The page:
State education officials could set a timeline for intervening in failing Missouri school districts instead of waiting for a two-year grace period under legislation considered Wednesday by a House education committee.
The push to allow quicker state involvement in districts comes shortly after Kansas City schools lost state accreditation. One area that could be particularly affected is Kansas City, which currently has through June 2014 to improve before facing a state takeover. Two other Missouri school districts also are unaccredited - St. Louis Public Schools and the Riverview Gardens School District in St. Louis County - but each lost accreditation in 2007.
Waiting a couple years before allowing direct state intervention is too long for some state lawmakers. Sponsoring Rep. Mike Lair, who had been a teacher, said students entering high school in Kansas City would be juniors before state officials could act and might graduate before meaningful changes take root.
"If you find a man lying in the street, you don't say I'll be back in six hours to help you," said Lair, R-Chillicothe.
Legislation presented to the House Elementary and Secondary Education Committee would allow the State Board of Education to set a schedule for state involvement and approve an alternative system for governing unaccredited school districts. State officials could set a way for existing local school boards to continue operating their districts.
Alternatives developed by state officials would need to include the rationale for that choice and a system for accepting public comment. Expectations would need to be set for boosting academic performance, including a goal for when the schools would regain state accreditation. The state Board of Education would need to review and certify the alternative oversight structure every three years for districts that have not yet regained accreditation. The Legislature and governor would receive annual reports about districts' progress.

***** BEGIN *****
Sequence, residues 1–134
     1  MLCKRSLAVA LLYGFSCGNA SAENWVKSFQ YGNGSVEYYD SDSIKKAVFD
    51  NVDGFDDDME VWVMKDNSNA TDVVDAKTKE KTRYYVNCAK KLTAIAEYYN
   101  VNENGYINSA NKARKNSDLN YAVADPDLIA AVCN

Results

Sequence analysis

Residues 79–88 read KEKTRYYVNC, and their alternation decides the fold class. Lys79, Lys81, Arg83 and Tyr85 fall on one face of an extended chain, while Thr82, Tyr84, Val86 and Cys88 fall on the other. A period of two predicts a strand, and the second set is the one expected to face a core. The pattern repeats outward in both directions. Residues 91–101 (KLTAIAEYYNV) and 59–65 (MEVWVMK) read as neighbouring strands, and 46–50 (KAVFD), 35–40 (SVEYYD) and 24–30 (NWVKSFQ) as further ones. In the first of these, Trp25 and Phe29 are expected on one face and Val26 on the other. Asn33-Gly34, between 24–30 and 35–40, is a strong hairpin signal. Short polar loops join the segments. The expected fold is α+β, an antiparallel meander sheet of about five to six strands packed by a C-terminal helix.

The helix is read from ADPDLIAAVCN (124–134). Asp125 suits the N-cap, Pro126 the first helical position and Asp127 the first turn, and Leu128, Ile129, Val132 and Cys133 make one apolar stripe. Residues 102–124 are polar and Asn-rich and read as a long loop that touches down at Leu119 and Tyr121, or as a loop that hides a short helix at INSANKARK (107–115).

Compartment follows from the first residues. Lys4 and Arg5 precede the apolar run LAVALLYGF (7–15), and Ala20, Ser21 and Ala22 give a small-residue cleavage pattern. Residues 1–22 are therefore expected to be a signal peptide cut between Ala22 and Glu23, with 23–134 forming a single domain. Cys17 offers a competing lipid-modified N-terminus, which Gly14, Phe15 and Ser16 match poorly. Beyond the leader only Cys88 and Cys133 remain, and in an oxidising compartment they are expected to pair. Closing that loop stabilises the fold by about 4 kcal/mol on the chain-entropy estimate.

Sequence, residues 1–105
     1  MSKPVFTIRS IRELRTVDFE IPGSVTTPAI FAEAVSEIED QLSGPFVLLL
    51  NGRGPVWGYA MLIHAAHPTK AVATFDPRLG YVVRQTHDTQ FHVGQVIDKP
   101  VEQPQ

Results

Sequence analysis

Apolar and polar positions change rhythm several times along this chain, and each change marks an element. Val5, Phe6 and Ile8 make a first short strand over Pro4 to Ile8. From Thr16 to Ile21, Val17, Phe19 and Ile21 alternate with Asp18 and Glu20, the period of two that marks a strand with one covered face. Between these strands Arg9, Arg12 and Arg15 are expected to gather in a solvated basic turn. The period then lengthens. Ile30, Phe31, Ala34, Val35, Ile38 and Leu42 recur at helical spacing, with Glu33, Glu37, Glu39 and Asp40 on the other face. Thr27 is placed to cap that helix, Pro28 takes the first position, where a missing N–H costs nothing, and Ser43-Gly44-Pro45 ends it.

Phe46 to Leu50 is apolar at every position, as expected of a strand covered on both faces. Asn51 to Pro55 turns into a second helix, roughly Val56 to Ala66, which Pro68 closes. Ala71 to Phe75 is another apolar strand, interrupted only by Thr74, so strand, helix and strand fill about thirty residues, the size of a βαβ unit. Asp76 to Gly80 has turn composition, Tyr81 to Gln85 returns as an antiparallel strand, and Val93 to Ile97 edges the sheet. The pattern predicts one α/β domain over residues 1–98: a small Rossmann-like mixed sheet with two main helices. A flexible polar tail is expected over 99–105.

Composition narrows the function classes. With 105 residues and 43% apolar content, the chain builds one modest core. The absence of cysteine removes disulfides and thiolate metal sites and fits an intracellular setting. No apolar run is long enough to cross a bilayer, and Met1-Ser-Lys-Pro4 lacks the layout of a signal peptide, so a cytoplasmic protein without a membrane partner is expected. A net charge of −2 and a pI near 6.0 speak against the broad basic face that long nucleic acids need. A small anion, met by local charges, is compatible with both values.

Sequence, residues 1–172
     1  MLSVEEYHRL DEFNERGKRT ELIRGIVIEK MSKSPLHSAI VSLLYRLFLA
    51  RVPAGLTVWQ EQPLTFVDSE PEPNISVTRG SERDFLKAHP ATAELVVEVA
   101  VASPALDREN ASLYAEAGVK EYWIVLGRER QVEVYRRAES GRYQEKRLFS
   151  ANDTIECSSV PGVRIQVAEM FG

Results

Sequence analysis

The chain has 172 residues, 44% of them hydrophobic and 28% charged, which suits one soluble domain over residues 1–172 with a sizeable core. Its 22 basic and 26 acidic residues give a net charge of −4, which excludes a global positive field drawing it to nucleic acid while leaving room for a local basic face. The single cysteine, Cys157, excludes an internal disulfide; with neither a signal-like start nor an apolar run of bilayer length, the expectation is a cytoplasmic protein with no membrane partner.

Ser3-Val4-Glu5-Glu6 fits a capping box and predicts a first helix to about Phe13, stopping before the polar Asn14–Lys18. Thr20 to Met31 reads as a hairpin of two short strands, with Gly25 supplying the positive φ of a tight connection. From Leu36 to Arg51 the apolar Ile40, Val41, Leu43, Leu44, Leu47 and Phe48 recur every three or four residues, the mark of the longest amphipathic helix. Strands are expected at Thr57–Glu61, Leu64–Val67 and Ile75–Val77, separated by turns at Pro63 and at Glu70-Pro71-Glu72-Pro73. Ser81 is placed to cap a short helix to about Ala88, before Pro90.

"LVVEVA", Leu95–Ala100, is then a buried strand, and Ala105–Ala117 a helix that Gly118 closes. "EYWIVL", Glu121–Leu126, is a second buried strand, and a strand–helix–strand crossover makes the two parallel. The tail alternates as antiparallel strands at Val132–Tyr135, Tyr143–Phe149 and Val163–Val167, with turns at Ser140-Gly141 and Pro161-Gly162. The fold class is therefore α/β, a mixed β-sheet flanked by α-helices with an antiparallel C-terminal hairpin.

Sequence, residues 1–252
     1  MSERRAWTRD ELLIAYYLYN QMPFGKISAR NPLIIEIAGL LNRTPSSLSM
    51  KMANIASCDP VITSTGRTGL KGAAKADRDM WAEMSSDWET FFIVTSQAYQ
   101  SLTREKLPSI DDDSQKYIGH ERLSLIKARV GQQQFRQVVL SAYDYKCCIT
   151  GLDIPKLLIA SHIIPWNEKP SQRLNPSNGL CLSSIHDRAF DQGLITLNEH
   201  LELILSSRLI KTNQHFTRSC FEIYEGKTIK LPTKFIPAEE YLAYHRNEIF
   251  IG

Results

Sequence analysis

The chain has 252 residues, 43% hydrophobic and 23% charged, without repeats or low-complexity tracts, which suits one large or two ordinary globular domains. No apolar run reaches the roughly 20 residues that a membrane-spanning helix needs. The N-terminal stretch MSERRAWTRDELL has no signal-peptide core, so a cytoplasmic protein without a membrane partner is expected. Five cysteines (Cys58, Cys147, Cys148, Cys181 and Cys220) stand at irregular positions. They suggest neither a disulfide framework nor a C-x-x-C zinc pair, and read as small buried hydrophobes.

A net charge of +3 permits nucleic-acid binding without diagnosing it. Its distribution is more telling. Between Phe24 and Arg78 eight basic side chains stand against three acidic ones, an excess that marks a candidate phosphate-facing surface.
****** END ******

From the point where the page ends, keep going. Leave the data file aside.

Current law allows state education officials to appoint a special administrative board to govern unaccredited districts, merge them with a nearby district or split unaccredited districts into several new school systems. Those options remain under the legislation.
Missouri Education Commissioner Chris Nicastro, who previously has urged the Legislature to consider eliminating the two-year wait, supported the legislation Wednesday. She said current law does not provide flexibility to deal with the specific needs of individual districts and that the two-year waiting period is wrong.
"For us to sit back and allow a system that has proven to be dysfunctional for literally decades to wait for two more years before we are able to provide more direct support and intervention is in fact unconscionable," Nicastro said.
Several school superintendents, a teachers union and the Missouri School Boards' Association also backed the legislation. No one publicly opposed the measure during the House hearing.
The legislation does not delve into specifics for unaccredited school districts should be governed. Different proposals have been suggested this year for how to handle Kansas City's schools, including an idea from Kansas City Mayor Sly James that would permit mayoral control.
Rep. Jason Holsman, whose legislative district includes three school districts that could receive students transferring from Kansas City, said delaying state action is not productive. He said there seems to be agreement quick action is needed but consensus has not yet been reached about what to do.
"The quickest path to regain student achievement is always preferable," said Holsman, D-Kansas City. "If removing this two-year requirement will spur action either legislatively of from (the Department of Elementary and Secondary Education), then someone better have a pretty darn good reason as to why we should wait."